Raspberry Jams around the world celebrate Raspberry Pi’s 8th birthday
Happy birthday to us: tomorrow marks the eighth birthday of the Raspberry Pi computer!
On 29 February 2012 we launched our very first $35 credit card-sized computer, Raspberry Pi 1 Model B. Since then, we’ve sold over 30 million Raspberry Pi computers worldwide. People all over the world (and beyond!) use them to learn, teach, and make cool stuff; industrial customers embed Raspberry Pi devices in their own products or use them to monitor and control factory processes. As an early birthday present, yesterday we cut the price of the 2GB RAM Raspberry Pi 4 Model B from $45 to $35: now you can buy a no-compromises desktop PC for the same price as Raspberry Pi 1 in 2012.
A global community of Raspberry Jams
Throughout the last eight years, a passionate community of enthusiasts has championed the use of Raspberry Pi, and our library of free resources, by hosting Raspberry Jams: events where people of all ages come together to learn about digital making in a fun, friendly, and inclusive environment.
To celebrate Raspberry Pi’s in style, Raspberry Jam community members around the world are hosting special birthday-themed events during the whole month from 15 February to 15 March.
Our special thanks to The Pi Hut for shipping our special birthday packs to these Jams all over the world!
20 Birthday Jams have already taken place in Australia, Belgium, Bulgaria, Canada, Greece, India, the UK, and the US. In total, there are at least 118 Birthday Jam events across 35 countries on 6 continents this year! (We’re determined to reach Antarctica one day soon.)
Jams can take many forms, from talks and workshops based around the Raspberry Pi computer, to project showcases and hackathons. Here is a selection of photos from some of the birthday events community members have run over the last fortnight:
Shoutout to Tokyo Raspberry Jam
We’d like to give a special mention to Masafumi Ohta and our friends at Tokyo Raspberry Jam, who have had to postpone their Birthday Jam due to coronavirus-related safety restrictions currently in place across Japan.
The whole team at the Foundation sends their best wishes to everyone who is affected by the virus!
You can still join in the celebrations
Jam makers are running birthday events up to and including 15 March, so check out the Raspberry Jam world map to find your nearest Birthday Jam!
If you’d like to host your own Jam, we also have free resources to help you get started and free starter projects made especially for Jam events.
It’s really simple to register your Birthday Jam: just fill in the Raspberry Jam submission form, including a valid event information URL linking to a webpage with more information about your event. (This is an excellent example of a Jam event listing.)
As always, if you have any questions, please don’t hesitate to ask us via email@example.com.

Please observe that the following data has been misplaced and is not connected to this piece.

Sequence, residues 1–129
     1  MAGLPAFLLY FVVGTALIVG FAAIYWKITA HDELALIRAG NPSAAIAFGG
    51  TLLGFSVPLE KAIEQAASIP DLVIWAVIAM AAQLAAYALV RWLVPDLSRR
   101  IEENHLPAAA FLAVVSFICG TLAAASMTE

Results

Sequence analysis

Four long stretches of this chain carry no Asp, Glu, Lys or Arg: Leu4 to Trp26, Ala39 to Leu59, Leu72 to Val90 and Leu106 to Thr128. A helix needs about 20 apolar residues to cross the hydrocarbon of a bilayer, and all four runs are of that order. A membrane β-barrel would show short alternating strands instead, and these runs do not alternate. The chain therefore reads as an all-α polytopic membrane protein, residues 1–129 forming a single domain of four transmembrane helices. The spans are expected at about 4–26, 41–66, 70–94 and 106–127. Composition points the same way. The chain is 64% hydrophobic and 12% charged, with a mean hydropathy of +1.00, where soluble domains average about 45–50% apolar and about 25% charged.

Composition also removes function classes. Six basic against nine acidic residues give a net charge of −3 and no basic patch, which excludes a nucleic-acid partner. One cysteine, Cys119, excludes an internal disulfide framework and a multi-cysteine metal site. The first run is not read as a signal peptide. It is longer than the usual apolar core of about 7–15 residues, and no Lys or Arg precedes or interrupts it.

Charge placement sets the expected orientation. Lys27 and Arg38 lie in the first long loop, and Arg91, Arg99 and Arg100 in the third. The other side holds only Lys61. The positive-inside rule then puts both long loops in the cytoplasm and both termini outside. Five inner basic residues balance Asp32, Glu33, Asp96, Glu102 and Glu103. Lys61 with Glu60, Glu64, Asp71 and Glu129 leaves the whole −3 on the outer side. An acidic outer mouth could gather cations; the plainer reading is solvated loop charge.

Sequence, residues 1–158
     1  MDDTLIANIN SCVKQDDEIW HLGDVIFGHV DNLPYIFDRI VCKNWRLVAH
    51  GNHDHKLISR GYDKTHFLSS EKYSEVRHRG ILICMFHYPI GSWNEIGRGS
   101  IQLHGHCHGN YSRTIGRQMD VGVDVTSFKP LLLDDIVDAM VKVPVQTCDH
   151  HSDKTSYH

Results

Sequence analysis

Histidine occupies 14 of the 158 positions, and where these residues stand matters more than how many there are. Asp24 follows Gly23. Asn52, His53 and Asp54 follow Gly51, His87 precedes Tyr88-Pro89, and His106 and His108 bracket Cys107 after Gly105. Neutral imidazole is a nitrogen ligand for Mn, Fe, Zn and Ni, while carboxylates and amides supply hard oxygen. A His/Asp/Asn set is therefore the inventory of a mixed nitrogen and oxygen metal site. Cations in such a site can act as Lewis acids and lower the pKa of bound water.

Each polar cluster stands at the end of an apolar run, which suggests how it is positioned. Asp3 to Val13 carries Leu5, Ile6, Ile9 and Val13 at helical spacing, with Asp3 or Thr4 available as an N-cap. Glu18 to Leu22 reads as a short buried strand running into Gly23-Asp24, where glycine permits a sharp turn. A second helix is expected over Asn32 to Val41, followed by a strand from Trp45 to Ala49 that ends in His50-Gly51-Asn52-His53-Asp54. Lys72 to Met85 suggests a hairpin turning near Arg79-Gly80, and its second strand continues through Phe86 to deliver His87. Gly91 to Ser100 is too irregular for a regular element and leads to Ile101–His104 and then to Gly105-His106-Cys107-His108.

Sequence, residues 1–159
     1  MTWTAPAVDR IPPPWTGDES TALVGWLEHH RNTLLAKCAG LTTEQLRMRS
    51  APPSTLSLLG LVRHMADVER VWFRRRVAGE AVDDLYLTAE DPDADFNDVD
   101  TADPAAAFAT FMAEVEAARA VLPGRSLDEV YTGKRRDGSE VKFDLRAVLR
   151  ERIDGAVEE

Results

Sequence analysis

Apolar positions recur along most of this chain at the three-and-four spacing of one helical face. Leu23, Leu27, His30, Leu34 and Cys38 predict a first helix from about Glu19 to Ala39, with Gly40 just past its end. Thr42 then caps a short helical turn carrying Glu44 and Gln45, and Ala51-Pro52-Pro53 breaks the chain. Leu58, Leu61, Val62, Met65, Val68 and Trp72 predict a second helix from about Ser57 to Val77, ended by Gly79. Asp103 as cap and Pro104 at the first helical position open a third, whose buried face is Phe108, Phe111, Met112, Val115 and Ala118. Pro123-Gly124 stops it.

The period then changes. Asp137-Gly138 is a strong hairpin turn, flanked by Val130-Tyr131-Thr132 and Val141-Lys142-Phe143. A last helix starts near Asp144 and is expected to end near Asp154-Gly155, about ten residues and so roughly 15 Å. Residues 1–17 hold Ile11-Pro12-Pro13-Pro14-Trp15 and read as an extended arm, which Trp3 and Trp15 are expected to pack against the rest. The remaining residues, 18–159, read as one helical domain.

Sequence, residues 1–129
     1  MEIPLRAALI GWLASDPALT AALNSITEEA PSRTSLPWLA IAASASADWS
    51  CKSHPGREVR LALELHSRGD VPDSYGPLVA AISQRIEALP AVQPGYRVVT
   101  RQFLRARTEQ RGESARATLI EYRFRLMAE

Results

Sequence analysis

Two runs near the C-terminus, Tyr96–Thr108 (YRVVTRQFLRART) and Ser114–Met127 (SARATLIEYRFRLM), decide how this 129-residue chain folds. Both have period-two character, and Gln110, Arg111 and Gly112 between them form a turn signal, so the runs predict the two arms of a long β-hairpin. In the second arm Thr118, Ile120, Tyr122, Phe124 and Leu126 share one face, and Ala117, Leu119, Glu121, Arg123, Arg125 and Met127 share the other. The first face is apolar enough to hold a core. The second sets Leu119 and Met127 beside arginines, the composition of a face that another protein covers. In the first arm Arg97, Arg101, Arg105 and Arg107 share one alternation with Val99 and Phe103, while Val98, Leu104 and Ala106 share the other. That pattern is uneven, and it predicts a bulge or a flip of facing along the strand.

Happy Birthday, but where did 8 years go? Keep up the good work all.
Strictly speaking it is the Second birthday of the Raspberry Pi, there having been only one 29th of February between today and the original launch. :)
The big difference between now and then is that I’m not hammering the refresh button on my browser to try and buy one this time. :-)
8 years on, I remember that was a rather entertaining morning & a very long day.
Great to see how things have evolved over that time period.
Happy Birthday Raspberry Pi!
Happy birthday to all leaplings.
Thanks for getting me interested in electronics again in the last eight years.
What an amazing time. The Raspberry Pi just keeps getting better and better.
Definitely second birthday, but eight years old (in my humble opinion).
Happy 8th/2th Birthday Raspberry Pi. It’s good to see RPi having evolved from a small 256MB RAM computer to a still small but powerful 1-4GB RAM computer.
Raspberry Pi Zero W is out of stock everywhere, as is the Pi Zero which leads me to wonder if there is an imminent announcement for the next generation of the Pi Zero coming for the birthday?
If there isn’t a new Pi Zero/Zero W, then why is it out of stock, I doubt there has been a sudden surge in demand? I need to replace some of mine after they sustained water damage. (The recent storms in the UK defeated my ‘waterproof’ enclosures).
They’re out of stock because sales figures keep going up – they’re very popular. We keep increasing production, but there’s a significant lag (and now a significant backlog).
Thanks for that explanation Liz and Happy Birthday to the Pi/Foundation.
The fact that the Pi Zero is consistently increasing in popularity is good news for the Raspberry Pi foundation, though disappointing for me and others who are waiting on stock. Though it won’t help the stock situation in general, and is arguably unfair on others, maybe I need to buy extra and keep them in reserve as spares?
One suggestion would be to work with stockists to sell the black clip for the ribbon connector as I’ve found these to be very fragile and mechanically at least, the first thing to break or go missing, at which point if you want to connect a camera you’ve no choice but to buy a new Pi which seems wasteful. Alternatively, a 3D printable version for resin printers which can manage such small objects would be great!
Not sure if you’ve a 3D printer.
But this as a solution may work if the only need is to sort out the connector for the camera.
3D printed shim to insert.
Can we now call the original Raspberry Pi-1 a ‘retro’ computer?
haha that cake photo is brilliant! had me laughing!